A while back we made reference in a post to a type of architecture called “HAVE FUN DAMMIT Post Modernism.” See comment #13
Several of you Dedicated Friends had questions about our nomenclature, and rather than inch out any farther onto the thin ice of architectural taxonomy, we have decided to turn the task over to an expert. And so, once again, we rely upon the kind offices of Dr. Ralph E. Haldemann, Professor of Art History (Emeritus) at Otterbein College, Ohio, our Adjunct Arts and Architecture Editor.
Writes Dr. Haldemann:
You have astutely identified a stylistic trend in government subsidized commercial architecture. The outward trappings are meant to induce retail sales through the medium of bright colors, unexpected or weird angles, ostensibly playful and upbeat features and signage; all in an effort to promote a festive, even amusement park-like atmosphere. This mood of jollity is meant to help pry loose disposable income from the local proletarians and thus support a city’s sales tax base. Some of the elements are congruent with the coeval deconstructivism of Post-modern architecture, although any disorientation produced by the former is generally intended to foster a suspension in fiscal responsibility.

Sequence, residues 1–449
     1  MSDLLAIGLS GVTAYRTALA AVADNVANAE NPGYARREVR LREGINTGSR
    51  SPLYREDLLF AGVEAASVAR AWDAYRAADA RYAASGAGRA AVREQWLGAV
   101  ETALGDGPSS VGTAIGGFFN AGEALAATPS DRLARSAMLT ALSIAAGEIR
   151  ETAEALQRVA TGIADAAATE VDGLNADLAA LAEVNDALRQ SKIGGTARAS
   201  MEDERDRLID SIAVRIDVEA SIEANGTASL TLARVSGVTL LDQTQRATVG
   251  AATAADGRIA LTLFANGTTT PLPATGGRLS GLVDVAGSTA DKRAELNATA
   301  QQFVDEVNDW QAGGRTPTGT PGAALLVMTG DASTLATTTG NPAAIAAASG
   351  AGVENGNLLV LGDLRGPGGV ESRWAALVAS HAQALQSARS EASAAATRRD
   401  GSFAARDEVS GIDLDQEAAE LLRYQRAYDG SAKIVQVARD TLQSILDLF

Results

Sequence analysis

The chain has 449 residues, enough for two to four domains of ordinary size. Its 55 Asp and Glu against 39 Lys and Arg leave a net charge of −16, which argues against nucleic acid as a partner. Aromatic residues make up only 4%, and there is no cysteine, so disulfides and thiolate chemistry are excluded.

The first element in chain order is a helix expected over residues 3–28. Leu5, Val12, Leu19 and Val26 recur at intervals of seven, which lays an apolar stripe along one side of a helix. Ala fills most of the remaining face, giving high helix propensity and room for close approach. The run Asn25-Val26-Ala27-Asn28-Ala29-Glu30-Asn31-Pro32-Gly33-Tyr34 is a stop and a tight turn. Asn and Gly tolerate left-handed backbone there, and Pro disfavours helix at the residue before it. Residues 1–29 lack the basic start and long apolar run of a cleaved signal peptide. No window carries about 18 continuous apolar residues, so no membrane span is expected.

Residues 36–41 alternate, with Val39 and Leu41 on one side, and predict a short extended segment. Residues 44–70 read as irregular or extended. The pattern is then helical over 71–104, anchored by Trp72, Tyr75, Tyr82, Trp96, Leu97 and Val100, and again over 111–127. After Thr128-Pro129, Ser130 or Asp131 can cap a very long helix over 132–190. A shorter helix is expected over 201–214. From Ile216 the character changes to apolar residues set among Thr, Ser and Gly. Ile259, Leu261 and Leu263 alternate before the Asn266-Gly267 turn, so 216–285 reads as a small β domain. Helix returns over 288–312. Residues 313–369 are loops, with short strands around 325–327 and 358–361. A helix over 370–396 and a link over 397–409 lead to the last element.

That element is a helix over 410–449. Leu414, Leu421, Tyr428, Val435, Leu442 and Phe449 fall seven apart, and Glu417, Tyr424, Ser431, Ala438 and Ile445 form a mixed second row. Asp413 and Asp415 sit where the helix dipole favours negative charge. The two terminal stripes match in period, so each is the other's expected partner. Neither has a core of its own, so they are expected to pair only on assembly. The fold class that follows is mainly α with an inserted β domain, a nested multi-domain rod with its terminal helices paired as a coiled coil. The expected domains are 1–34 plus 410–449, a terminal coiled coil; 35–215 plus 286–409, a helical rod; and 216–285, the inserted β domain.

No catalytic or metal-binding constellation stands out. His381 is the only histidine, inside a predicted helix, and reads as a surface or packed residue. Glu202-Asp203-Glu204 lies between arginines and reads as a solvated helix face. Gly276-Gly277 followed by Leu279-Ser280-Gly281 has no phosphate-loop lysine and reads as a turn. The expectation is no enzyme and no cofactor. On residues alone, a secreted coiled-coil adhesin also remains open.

Since the have-fun-at-all-cost approach necessarily requires a “hard sell” many have recognized a cruel irony in the attempt to force feed fun, especially in economically distressed areas.
Since many of these structures and complexes have predictably refused to age with any sort of dignity, critics find solace with the prospect that these buildings will soon be “redeveloped” by the same suburban renewal urges that created them in the first place.
Finally, I note that many of the themes of this style have sloshed over in to other non-commercial municipal enterprises with fairly appalling consequences.
Thanks, Dr. Haldemann, for another lucid and enlightening exposition. Your FFFF check is in the mail, but please don’t cash it ’til the end of the month.